Now, my interpretation of the quote is that the author was thinking from a Microsoft point of view. With Exchange at least, you do want to make sure Unity is in the same "subnet" (from the MS AD Sites and Services perspective) and you do want them to be in the same "site" (not absolutely required, but a good idea from my understanding).


I also think the "...as close as possible..." is the generic and somewhat non-committal way of saying "make sure you got big pipes between A and B and make sure that you have redundant network paths". With Exchange, I try to ensure that I put the Unity server in the same data center distribution. The unity server is usually on a different access switch block. I typically do layer 3 to the access layer and in most of my deployments I will have three "route hops" between the unity system and Exchange/AD. Meaning, (1)L3 Access layer, (2)Data Center Distribution, (3) Exchange/AD L3 Access Layer. There are usually 1 Gig or even 10 Gig links between these layers or there will be multiple 1 Gig links in an etherchannel bundle. My objective is to put something in place where I feel I could have reliable 100Mbps throughput between Unity and Exchange. At the same time, all of these services are typically install in different broadcast domains (IP subnets).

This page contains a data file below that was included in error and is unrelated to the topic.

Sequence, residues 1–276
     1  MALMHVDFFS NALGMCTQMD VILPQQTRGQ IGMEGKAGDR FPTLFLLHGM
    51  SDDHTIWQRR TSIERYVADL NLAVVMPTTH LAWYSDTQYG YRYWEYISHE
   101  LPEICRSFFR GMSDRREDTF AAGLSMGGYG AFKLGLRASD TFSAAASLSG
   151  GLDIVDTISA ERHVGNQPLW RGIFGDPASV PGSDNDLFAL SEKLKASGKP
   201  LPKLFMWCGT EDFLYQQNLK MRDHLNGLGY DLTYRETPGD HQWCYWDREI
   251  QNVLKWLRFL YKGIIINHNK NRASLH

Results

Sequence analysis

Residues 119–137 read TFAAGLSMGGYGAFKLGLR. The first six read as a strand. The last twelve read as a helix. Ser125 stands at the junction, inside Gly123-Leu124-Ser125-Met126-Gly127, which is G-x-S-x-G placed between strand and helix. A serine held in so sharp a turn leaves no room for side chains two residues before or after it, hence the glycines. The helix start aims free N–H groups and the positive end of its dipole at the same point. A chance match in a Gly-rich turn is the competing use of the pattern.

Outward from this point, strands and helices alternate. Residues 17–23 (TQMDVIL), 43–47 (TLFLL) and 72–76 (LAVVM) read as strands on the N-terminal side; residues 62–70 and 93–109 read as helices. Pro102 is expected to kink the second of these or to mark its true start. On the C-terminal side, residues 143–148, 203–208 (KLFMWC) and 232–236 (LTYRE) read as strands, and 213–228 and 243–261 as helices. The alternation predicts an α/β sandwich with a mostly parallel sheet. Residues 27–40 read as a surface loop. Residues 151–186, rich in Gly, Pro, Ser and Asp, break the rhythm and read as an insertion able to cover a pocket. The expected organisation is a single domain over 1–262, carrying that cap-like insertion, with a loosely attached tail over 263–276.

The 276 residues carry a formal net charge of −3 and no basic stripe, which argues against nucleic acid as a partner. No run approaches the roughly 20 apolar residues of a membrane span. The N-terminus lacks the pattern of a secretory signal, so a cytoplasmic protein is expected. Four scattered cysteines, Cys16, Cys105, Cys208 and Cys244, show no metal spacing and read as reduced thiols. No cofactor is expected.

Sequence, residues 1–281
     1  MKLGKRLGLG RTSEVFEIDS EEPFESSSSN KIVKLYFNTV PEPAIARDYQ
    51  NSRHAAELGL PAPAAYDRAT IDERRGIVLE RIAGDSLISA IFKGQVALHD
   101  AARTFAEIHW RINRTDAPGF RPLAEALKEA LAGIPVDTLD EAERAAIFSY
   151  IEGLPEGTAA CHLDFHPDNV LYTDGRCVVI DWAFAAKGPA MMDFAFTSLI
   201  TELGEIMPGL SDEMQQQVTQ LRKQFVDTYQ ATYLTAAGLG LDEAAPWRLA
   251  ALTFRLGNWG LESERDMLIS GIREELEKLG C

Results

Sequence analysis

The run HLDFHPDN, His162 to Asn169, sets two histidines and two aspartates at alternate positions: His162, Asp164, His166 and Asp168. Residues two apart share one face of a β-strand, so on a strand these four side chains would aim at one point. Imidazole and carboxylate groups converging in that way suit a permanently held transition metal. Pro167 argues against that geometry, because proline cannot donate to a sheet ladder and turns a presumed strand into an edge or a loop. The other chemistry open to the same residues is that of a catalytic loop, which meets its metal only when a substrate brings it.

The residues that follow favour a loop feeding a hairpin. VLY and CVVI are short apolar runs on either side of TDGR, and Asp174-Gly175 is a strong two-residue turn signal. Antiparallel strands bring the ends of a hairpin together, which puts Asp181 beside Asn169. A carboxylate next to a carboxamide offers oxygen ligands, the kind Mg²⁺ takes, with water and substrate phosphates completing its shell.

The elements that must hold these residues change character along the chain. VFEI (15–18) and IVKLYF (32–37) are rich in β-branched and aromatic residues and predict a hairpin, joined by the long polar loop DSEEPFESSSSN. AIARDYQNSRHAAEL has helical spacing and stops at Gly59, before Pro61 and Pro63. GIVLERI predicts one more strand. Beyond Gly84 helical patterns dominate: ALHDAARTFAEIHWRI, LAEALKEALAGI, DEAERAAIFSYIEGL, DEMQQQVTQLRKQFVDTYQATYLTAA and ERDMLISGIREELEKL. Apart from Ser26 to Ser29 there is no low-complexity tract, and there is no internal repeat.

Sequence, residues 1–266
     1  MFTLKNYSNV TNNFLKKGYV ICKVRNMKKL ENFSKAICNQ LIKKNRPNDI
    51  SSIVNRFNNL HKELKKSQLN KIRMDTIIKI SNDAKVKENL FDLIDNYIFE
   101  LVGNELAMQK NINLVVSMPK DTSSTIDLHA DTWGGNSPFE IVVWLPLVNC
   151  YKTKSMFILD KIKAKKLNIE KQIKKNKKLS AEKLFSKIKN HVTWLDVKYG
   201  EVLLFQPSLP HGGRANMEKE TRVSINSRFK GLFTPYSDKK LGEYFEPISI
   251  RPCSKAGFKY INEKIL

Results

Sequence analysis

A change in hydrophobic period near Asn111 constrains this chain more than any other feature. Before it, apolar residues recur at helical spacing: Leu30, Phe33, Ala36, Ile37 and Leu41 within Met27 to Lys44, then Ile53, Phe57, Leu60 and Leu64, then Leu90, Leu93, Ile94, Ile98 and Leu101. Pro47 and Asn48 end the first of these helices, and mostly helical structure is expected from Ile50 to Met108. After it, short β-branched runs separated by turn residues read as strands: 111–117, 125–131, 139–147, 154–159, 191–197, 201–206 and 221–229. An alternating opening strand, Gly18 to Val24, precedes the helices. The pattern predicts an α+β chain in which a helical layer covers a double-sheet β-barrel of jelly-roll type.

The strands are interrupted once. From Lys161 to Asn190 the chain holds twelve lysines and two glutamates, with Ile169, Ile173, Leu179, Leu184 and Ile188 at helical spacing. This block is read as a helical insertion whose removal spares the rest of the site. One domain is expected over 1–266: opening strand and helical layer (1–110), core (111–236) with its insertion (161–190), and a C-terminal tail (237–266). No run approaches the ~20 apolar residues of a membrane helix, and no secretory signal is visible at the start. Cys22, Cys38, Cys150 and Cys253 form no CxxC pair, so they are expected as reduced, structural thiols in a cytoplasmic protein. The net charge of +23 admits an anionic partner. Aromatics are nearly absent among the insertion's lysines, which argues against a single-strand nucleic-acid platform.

+5 to you for quoting such a good book


Regards,

Bill

JustForVoice_2 Sat, 04/03/2010 - 14:01
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Thank you too muc for your detailed Answers and by mistake I put 4/5 for you post


I just need to check if you can help me in determine what is the requirements to install Unity with Domino, I tried to summrize all of them because I need to send it to the customer